Tesco Hudl 2 full review
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While Apple’s iPad might get the majority of headlines when it comes to tablets, there are plenty of great offerings for those who prefer the pleasures of Android. Here's our Hudl 2 vs Nexus 9 comparison review. We compare the devices to see which one is the right one for you. Of course if you don’t mind what flavour your tablet comes in read our guide to the 20 Best Tablets of 2015.
Hudl 2 vs Nexus 9: UK Price
While the Hudl 2 and Nexus 9 might be similar because of their operating system, they're aimed at different audiences. The Hudl 2 comes in at a wonderfully affordable £99 for the solitary 16GB model. However, as you probably know, Tesco lets you pay for the Hudl 2 with Clubcard vouchers. Plus, because of Clubcard Boost, your vouchers are worth twice their face value so £50 of vouchers will buy you a brand new tablet. Also see: Best new tablets coming in 2016.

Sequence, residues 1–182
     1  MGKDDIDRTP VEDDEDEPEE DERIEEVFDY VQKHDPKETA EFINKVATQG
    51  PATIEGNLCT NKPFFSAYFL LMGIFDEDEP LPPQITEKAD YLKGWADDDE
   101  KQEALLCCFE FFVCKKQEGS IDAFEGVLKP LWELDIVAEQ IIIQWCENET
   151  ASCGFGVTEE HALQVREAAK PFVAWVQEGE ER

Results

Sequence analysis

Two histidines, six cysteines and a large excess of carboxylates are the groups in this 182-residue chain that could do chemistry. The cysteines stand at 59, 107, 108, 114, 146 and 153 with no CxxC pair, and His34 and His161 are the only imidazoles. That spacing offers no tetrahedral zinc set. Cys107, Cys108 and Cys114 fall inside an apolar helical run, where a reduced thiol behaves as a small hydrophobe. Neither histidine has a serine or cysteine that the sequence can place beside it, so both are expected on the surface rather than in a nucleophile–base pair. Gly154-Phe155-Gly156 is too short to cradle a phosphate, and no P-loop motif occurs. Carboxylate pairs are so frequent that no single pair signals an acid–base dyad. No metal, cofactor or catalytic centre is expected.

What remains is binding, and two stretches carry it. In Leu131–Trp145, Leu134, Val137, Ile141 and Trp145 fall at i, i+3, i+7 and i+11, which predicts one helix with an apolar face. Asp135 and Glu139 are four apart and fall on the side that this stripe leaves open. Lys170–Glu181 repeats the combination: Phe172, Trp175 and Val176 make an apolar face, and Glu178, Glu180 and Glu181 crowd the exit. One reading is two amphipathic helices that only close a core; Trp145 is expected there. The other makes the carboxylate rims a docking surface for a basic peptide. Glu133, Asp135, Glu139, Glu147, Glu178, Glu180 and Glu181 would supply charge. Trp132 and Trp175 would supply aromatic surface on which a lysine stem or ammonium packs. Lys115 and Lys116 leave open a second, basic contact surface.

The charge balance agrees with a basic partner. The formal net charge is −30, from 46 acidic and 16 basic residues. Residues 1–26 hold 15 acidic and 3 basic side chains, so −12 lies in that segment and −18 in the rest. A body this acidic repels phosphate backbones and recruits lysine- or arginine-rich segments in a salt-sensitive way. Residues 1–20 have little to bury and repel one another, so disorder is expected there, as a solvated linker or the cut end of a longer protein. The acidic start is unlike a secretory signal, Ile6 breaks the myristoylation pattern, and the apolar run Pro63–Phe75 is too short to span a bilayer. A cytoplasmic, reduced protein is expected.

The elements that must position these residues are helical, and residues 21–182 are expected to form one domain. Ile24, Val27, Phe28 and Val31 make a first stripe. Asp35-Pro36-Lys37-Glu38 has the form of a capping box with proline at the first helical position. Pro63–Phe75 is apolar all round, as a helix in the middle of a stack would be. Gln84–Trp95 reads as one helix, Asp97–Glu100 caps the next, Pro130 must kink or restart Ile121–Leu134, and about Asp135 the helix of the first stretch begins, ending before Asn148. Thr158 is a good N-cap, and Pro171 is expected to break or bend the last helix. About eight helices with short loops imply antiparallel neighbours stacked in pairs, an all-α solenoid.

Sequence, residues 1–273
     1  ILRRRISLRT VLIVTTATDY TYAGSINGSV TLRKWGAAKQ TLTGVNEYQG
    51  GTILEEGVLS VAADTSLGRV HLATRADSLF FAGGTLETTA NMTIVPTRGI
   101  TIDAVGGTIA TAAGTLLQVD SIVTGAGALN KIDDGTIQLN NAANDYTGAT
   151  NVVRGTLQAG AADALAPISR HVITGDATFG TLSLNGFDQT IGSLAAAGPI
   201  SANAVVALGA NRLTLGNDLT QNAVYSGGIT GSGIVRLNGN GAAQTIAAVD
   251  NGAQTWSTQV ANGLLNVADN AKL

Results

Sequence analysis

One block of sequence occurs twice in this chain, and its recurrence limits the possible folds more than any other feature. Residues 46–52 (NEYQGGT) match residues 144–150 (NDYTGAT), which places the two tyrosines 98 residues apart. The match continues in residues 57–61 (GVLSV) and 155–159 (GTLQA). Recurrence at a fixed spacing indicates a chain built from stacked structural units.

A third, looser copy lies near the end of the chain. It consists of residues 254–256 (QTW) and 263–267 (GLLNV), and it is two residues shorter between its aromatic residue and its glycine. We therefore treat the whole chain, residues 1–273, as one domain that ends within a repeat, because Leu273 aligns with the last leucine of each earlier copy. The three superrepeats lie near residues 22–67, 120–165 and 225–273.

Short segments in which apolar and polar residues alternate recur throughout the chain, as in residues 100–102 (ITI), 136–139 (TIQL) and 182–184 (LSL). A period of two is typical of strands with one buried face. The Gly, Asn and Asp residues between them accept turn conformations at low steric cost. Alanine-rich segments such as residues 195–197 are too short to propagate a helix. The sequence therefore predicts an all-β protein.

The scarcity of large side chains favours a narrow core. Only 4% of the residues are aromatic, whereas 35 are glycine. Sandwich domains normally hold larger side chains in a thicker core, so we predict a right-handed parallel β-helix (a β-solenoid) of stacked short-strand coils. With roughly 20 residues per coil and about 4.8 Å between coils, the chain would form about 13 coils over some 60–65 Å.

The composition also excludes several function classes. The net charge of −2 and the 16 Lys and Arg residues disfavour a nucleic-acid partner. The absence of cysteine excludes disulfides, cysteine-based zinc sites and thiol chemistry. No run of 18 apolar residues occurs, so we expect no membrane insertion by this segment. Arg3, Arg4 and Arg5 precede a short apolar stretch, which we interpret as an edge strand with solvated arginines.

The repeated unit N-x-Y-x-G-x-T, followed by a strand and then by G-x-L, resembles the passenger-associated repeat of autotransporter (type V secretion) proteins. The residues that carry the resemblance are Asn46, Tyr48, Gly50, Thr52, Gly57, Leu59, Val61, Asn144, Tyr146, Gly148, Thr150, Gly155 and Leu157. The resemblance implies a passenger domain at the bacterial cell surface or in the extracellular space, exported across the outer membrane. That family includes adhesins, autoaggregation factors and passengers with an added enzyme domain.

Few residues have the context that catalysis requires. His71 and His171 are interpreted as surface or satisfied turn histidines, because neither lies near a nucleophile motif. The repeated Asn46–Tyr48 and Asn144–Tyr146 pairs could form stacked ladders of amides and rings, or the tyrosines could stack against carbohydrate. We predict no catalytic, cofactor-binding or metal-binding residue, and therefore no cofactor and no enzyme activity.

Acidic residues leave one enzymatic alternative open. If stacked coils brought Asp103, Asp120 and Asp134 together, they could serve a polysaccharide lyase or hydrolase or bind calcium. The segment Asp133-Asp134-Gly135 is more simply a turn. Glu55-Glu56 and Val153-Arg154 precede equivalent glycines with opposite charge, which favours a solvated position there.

By contrast, Google’s Nexus 9 comes in three different configurations. There are two Wi-Fi only versions (16GB & 32GB), and one LTE model (32GB). Buying directly from the Google Play Store will cost you £319 (Wi-Fi 16GB), £399 (32GB Wi-Fi), and £459 (32GB LTE). It's the most expensive way to buy it, though. On Amazon right now, the 16GB Wi-Fi version going for £239.99, the 32GB Wi-Fi at £299.99, and the 32GB LTE available for £359.99.
Hudl 2 vs Nexus 9: Design
The Hudl 2 follows on closely from the original model, with a matt plastic casing that is nice and grippy in the hand. It’s a widescreen tablet, and as such only really works well when used in landscape mode, such as for movies, YouTube, and the like. With a range of bright colours available (blue, red, pink, purple, orange, black and white) it comes across as a fun looking device that kids would enjoy, although the 401g weight could make the little dears tired quite quickly. That could be considered an extra bonus!